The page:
It’s a sad state of affairs that Black queer people in the UK face. You could get lucky and avoid all of the above but it’s likely you’ll face some, if not all of it at some point on your dating journey.

I can see myself being a parent but I can’t picture myself with a ring on my finger at all or even having a long-term partner. I would love to experience happy, non-toxic love free from anti-Blackness or any kind of fetishisation with someone who gets me and my culture (I know, it’s a lot to ask for right?) but I just cannot see it happening, be it with or without a Black person. To some that might seem sad, but I’m currently going through life planning to fly solo. At least I know I can’t disappoint myself and I can always hold myself down. As the one and only Beyonce said, “Me, myself, and I, that’s all I got in the end, that’s what I found out, and it ain’t no need to cry, I took a vow that from now on, I’m gon’ be my own best friend”.

2 thoughts on “To Be Black, Queer and Dating in 21st Century Britain”

  1. I genuinely appreciate you sharing this because although I don’t understand how it is to be a queer black man who is darker-skinned and visibly black (specification matters because we all know who has the most bias presented against them), but I am a dark-skinned, visibly black-“plus sized” monoracial black woman who is also West Indian and first generation.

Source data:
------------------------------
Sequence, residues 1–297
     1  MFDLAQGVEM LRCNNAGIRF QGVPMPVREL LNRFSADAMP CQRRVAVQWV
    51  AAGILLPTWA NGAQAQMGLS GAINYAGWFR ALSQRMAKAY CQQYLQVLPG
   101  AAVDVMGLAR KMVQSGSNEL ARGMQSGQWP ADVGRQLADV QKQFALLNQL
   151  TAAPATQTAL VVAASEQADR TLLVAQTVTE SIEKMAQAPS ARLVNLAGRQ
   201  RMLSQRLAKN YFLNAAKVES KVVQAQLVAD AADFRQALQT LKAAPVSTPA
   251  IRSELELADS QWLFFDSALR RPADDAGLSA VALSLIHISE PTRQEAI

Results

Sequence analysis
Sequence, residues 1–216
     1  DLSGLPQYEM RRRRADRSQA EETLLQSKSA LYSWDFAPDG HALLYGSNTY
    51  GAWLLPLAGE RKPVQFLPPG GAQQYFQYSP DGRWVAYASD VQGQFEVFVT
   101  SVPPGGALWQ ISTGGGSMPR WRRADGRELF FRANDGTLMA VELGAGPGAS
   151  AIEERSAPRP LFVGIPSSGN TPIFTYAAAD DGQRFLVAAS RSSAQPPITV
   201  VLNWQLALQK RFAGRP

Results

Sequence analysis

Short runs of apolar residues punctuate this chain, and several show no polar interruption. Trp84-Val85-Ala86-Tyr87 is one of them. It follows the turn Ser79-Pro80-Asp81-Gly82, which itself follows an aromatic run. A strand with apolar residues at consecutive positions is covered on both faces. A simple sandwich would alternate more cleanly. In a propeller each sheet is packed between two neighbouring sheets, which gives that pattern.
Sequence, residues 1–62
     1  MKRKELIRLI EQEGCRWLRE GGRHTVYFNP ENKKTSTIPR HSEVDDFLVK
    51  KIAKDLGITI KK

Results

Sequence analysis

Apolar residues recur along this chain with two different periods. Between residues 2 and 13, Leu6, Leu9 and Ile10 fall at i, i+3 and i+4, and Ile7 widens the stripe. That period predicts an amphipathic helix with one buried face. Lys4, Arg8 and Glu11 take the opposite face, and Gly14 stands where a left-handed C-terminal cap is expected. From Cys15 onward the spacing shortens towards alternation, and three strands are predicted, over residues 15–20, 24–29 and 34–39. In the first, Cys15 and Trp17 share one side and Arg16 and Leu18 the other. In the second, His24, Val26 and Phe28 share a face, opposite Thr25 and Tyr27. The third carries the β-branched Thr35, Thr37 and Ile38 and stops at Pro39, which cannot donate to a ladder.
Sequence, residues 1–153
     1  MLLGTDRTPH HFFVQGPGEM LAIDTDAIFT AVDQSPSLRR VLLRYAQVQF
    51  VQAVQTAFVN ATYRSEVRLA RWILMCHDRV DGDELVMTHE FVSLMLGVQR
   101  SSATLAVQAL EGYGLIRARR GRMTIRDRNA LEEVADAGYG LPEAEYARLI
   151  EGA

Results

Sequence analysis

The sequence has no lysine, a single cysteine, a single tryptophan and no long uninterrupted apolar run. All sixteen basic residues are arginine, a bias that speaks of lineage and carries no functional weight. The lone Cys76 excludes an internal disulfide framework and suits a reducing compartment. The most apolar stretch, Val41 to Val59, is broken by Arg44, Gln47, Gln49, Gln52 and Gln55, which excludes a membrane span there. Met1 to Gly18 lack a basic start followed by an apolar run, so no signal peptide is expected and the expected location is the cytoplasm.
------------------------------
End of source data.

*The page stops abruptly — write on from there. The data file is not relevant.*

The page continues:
I have only had one experience with anyone before and the person happened to be a white British guy. He was strikingly someone who claimed to be worldly and loving to all, but made it a point to remind me that my beauty was only my personality. My looks were disregarded and he had a definitive type. He would make statements like, “Yeah but she’s gorgeous/extraordinary looking,” and it was all odd at the time but it was years ago. He became very embarrassed when his friends found out we had something going on and ended up telling a mixed-race African girl he was seeing that I was stalking him instead. Through that, there was a war on me by people I didn’t know, I was laughed at, called a stalker when we would be in mutual spaces, etc. For years, I had rumors spread about me all to be believed because the “well, she’s unattractive and just jealous of this gorgeous mixed girl,” is a trope that plagues many like me.

    Needless to say, five years later, I’ve not had any further experiences with men. I’ve always admired black guys but they were never checking for me for obvious reasons being I do not reach their physical quotas. You have to be an exception when you’re someone of my demographic and I’m not. I appreciate black men and their beauty, but I am troubled by their identity and what they represent in society. Colorism is a large problem that leaves me out of options when it comes to “my men”, being of my race and or ethnicity.

    I appreciate your vulnerability and it’s brilliant to hear your perspective. Thank you for sharing.